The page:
When citizens of the United States propose a discussion of any subject of public policy which is specifically mentioned in the national Constitution, the constitutional provision is likely to be the most appropriate point of departure. The statesmen who framed the great charter of 1787 were on the alert in the public interest when, after providing that "All legislative Powers herein granted shall be vested in a Congress of the United States,"1 they added that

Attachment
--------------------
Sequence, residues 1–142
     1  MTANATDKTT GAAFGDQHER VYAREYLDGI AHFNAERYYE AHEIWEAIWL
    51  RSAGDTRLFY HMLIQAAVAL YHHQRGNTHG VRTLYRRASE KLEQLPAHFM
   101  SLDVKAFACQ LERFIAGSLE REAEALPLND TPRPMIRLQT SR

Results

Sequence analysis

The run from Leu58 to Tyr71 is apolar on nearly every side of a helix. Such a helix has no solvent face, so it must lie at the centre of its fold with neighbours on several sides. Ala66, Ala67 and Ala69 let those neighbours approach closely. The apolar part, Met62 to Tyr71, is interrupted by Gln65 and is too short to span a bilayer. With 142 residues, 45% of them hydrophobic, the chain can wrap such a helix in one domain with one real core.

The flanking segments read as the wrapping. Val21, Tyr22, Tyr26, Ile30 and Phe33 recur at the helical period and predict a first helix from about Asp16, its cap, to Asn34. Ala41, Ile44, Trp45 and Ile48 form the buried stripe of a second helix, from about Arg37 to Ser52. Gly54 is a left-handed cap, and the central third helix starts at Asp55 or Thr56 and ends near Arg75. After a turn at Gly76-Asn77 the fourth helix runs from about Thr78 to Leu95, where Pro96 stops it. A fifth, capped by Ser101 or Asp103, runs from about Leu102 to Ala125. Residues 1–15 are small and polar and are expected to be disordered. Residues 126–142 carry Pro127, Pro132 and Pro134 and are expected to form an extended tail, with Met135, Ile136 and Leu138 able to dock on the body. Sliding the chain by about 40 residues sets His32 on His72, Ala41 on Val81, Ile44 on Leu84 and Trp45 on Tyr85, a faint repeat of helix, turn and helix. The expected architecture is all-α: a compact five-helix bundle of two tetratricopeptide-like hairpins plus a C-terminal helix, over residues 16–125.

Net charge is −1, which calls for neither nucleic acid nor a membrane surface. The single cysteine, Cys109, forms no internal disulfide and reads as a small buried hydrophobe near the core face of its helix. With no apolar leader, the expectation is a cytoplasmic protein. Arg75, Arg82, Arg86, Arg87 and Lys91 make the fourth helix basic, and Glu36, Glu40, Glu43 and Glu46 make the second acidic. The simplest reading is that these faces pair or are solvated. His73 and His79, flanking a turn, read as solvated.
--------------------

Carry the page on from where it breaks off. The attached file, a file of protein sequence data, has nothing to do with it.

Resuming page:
The Congress shall have Power . . .
To promote the Progress of Science and useful Arts, by securing for limited Times to Authors and Inventors the exclusive Right to their respective Writings and Discoveries